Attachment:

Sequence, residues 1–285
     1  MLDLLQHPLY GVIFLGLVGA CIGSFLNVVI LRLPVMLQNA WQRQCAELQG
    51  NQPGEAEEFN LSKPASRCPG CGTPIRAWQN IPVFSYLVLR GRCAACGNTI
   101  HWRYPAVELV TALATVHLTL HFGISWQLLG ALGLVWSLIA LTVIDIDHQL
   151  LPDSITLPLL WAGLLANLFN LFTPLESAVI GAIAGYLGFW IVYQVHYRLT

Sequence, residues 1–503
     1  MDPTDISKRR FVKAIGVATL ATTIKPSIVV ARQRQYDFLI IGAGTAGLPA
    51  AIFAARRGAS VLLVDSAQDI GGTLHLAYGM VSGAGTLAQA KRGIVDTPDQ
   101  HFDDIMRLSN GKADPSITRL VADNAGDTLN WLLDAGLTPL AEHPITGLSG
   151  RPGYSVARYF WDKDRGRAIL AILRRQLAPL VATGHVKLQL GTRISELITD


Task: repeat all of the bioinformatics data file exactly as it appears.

Sequence, residues 1–285
     1  MLDLLQHPLY GVIFLGLVGA CIGSFLNVVI LRLPVMLQNA WQRQCAELQG
    51  NQPGEAEEFN LSKPASRCPG CGTPIRAWQN IPVFSYLVLR GRCAACGNTI
   101  HWRYPAVELV TALATVHLTL HFGISWQLLG ALGLVWSLIA LTVIDIDHQL
   151  LPDSITLPLL WAGLLANLFN LFTPLESAVI GAIAGYLGFW IVYQVHYRLT

Sequence, residues 1–503
     1  MDPTDISKRR FVKAIGVATL ATTIKPSIVV ARQRQYDFLI IGAGTAGLPA
    51  AIFAARRGAS VLLVDSAQDI GGTLHLAYGM VSGAGTLAQA KRGIVDTPDQ
   101  HFDDIMRLSN GKADPSITRL VADNAGDTLN WLLDAGLTPL AEHPITGLSG
   151  RPGYSVARYF WDKDRGRAIL AILRRQLAPL VATGHVKLQL GTRISELITD